Many Syrian restaurants have opened in Lebanon including the nearby Beit Halab serving home-cooked Aleppine cuisine, led proudly by various forms of kibbeh, a sort of minced meat ball with spices and onions surrounded by a layer of bulgur, and fried or roasted. Other dishes include a lamb sandwich, kibbeh labanieh (kibbeh cooked in yogurt and herbs), Syrian versions of hummus (much creamier than the Lebanese version) and muhammara, a walnut paste dip that is made with pomegranate molasses and red pepper paste. All the staff here are Syrian, the vast majority from Aleppo.

If you’re lucky on a Tuesday evening, you might get serenaded by Aleppine qudud, popular folkloric songs from the ancient city performed by Abul Fadl, an ‘ud musician who learned to play in the same class as Sabah Fakhri, the most famous of Syrian singers. You can enjoy it with the restaurant’s version of the argileh water pipe, which in Beit Halab is inverted so the coals are suspended above the tobacco, giving it a smoother taste than you’ll find in more traditional cafes.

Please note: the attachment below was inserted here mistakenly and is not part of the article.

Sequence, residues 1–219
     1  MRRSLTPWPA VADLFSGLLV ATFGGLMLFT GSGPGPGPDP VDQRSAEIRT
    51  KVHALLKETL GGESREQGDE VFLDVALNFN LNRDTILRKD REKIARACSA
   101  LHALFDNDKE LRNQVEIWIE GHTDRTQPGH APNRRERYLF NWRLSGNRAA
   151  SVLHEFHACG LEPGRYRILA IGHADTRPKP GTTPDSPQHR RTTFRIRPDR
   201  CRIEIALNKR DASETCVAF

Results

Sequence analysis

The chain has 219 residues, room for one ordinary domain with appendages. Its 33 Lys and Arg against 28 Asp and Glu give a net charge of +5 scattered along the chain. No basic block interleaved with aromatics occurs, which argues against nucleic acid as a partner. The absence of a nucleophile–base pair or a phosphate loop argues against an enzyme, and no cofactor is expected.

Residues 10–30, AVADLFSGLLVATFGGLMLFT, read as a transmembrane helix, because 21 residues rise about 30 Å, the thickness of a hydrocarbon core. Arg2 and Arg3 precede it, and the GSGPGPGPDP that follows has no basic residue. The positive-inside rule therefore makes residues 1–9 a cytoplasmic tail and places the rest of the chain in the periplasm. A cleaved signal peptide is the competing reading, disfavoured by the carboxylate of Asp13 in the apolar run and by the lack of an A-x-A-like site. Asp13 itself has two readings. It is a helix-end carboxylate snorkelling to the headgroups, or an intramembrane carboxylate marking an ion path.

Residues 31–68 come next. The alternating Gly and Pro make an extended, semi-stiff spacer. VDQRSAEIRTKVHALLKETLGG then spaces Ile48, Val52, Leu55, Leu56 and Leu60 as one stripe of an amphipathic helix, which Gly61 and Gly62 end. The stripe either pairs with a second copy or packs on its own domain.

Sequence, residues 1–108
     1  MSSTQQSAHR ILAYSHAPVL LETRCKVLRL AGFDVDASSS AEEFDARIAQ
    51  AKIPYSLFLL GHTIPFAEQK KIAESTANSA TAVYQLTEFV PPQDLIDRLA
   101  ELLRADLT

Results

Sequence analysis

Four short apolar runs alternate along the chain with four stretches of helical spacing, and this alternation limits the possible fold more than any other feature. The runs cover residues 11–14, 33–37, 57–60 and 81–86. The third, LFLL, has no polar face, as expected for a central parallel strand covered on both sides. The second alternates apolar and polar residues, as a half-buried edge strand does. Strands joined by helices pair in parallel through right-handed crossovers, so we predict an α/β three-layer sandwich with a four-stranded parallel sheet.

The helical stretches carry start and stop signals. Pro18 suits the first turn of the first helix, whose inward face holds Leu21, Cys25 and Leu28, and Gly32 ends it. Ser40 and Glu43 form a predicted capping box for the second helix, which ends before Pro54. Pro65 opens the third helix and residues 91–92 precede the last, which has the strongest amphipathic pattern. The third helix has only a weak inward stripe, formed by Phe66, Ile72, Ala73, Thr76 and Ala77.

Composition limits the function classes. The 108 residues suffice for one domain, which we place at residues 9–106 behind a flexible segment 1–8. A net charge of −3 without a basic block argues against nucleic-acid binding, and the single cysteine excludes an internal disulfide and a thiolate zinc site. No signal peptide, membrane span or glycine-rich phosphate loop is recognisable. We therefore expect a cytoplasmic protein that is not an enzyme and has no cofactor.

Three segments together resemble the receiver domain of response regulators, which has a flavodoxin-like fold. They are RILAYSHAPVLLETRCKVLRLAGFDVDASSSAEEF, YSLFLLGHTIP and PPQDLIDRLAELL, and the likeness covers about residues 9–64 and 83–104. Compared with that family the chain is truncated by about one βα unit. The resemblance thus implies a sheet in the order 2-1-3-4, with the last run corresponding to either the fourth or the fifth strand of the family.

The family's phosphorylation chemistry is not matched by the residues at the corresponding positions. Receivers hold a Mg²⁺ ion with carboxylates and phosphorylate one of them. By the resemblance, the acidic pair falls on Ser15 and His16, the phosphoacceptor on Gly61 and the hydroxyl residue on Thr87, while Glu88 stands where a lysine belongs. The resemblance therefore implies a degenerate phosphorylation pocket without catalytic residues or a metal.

A Syrian employee of the restaurant stands next to hookah pipes.

This has all enriched the region’s cuisine, introducing new blends and ways of eating that have long defined Syrian food and spread it across the region as the nation shook under civil war. But what of these explorers who popularized that vibrant tradition?

They want to go back. It’s an impossibility to meet a Syrian who does not miss his home, who wishes once again to walk the ancient pathways of Damascus, the Hamidiya souk, the courtyard of the Umayyad mosque, or the Aleppo citadel.

Abu Waseem said he’d like to set up shop again in the Syrian capital when the violence subsides.

“I miss Damascus,” he said. “It has a special flavor. If you spent time in Damascus, and drink from its water, you can’t leave it.”